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2 minutes ago, Takiedevushkikakzvezdy said:

To be fair, GoT was also much less colorful than the books, and it didn't ruin the viewing experience for me. So I won't jump to conclusions based on that.

Oh, it won't ruin the viewing experience for me, either. I just remembered that I actually preferred the version of Shae from the books ... or rather: the story of Tyrion and Shae we get in the books. Shae herself being a more complex, deeper character as such is okay, but it more or less completely changing the relationship dynamics there wasn't that great a plot.

If a more complex Viserys means his entire reign is no longer the golden era of the Targaryen dynasty in Westeros then both setting and tone of this show would suffer. The imagery of the teaser-trailer gave the impression these people neither know how to party nor do they have any reason to be happy.

And that's just wrong, at least for the first half of Viserys' reign when there is not much family strife.

What definitely needs more complexity is Viserys' relationship with Daemon. And also his feelings for Rhaenyra, Alicent, and the younger children should be fleshed out.

Good writers could come up with rather interesting scenes there.

And, of course, it might also be interesting to know if Viserys actually ever wanted to be king. Daemon organized his bid for the Iron Throne - but that might be more because he himself coveted the throne and hoped to be named Viserys' heir rather than because Viserys felt he was ideally suited to rule.

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I just read a part of Considine's interview @The Dragon Demands quotes on twitter. There is promising stuff there. The writers apparently decided to have Viserys suffer from a long illness which slowly kills him, and he uses that illness as a kind of shield to hide from the reality of the family strife. That is both very realistic and at the same time a great explanation as to why he wasn't more determined or more decisive to prevent a succession war. It can be a concern that overshadows everything else and also an excuse why one doesn't want to deal with other important issues in one's life.

One imagines that we will see him just enjoying his time with his family when he had the time for that - and being completely unwilling to deal (again) with the family quarrels. In the book we also get an indication that in the later years the royal family did their best to play nice when Viserys was around - which, to their credit, could at least in part be motivated by a general feeling that the old man's sickness would only get worse if he were to get angry and excited, so they may have hid their true feelings from him, and, perhaps in part, from each other.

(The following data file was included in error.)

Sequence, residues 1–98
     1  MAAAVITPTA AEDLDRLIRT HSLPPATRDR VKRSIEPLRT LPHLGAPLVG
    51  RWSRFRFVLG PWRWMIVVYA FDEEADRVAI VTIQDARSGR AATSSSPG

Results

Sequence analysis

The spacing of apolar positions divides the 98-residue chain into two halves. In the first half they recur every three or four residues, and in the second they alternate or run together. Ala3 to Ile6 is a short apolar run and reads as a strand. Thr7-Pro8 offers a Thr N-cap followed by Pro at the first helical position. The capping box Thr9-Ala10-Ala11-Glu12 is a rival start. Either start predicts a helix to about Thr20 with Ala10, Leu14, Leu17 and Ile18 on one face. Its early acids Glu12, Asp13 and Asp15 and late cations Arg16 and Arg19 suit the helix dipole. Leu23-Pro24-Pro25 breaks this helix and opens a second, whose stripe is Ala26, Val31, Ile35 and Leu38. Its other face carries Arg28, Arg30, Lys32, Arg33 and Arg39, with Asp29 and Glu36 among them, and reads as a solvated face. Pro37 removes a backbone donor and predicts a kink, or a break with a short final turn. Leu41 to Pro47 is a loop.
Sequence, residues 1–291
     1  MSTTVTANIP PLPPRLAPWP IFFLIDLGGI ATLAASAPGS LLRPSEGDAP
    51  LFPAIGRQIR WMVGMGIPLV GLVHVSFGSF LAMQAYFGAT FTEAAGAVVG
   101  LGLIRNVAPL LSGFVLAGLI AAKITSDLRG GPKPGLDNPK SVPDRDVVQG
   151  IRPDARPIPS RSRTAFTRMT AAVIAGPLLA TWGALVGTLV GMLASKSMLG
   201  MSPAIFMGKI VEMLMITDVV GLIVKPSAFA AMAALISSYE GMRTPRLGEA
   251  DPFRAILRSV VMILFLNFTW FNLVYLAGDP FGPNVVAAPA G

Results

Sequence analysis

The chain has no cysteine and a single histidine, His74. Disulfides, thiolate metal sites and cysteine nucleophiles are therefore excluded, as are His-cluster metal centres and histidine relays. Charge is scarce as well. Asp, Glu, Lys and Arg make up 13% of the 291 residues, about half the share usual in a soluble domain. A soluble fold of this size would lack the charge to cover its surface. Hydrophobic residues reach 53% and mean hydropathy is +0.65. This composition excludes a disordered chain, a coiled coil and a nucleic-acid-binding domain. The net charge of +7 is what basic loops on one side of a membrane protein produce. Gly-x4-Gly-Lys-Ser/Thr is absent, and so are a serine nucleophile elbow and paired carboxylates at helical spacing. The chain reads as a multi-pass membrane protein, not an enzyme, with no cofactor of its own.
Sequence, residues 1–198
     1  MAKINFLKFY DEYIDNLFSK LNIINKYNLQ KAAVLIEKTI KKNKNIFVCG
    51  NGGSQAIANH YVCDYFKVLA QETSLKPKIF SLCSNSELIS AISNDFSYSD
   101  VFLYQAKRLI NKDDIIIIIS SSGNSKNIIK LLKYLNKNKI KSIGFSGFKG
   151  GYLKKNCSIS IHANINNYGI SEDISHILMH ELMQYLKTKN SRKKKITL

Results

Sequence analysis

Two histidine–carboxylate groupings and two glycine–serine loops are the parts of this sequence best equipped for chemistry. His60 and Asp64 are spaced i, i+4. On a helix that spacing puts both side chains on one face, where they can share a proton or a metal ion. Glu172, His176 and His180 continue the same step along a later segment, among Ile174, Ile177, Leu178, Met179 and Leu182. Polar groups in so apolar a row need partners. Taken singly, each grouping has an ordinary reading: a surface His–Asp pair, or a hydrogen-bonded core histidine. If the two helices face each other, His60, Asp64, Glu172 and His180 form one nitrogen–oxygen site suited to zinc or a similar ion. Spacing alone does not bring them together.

I think it can be a powerful scene when the old man finally has had enough of that shit and calls for some tongues to be cut out. If played right, Viserys might really be a guy who rarely, if ever, puts his foot down. But when he does folks (including the audience) might be in for a surprise.

The other interesting thing seems to be that they give him quality grandfather time. There are basically two grandfather scenes in the book - first the scene where he takes young Jace up on the Iron Throne telling him that he will sit there one day (and one imagines that we are going to get exactly that scene), and then the scene with Helaena and her kids shortly before he dies. We could also get that scene, but if there are more grandfather scenes there then they will at least get that particular aspect of his character right.

Apparently the actor sees that as a diversion from GoT where we don't get many scenes of affection within a family - or at least the royal family.

But hopefully there will be equally strong scenes with his children, wives, and brother. We should get a clear picture what the old man thinks about Aegon, Aemond, and Daeron, respectively, especially (but not only) in relation to the succession. Because favorite or not, Rhaenyra is just a woman, and Viserys I is a man who ascended the throne more or less just because he was a man, so he must have had some thoughts as to why Rhaenyra should remain his heir even after the birth of his sons.

It can be part 'she is my favorite child, the only surviving child of my first marriage, the one to my Targaryen-blooded cousin', part 'I've already ruled on the succession once with a big ceremony, and revisiting it will only make things more confusing and make me look like a changable moron', and part 'Aegon and Aemond aren't even remotely kingly material - if I make one of them the heir, the throne could just as well go to Daemon'.

There is certainly potential for complexity there.

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  • 2 weeks later...

One thing I find funny is all the people online who say they’re disappointed how the blacks seem set to be the heroes of the story. I think FnB makes it pretty clear that we’re supposed to root for the blacks. The green king is a pouty loser crowned by his gold digger mother and an incel kingsguard driven entirely by his desire to destroy a much younger woman who had the audacity to reject him. His brother is a misogynist who murders his nephew for the hell of it and spends the war burning peasants alive. Even the “good” brother, Daeron, has an entire town of innocent people put to the sword because he was angry (not that different from show-Dany’s attack on KL, to be frank). Add to that the Caltrops, Tumbletown, Bitterbridge, etc. and then compare that to the blacks (Corlys and Rhaenys, Baela, Jace, Adam, Nettles, the Starks/Manderlys/Blackwoods, etc.) and one side is clearly painted in a better light than the other. Daemon is the only truly vile black; Rhaenyra, if anything, is more ineffectual than anything else. The only truly sympathetic greens are Helaena and the kids, who are victims with no agency.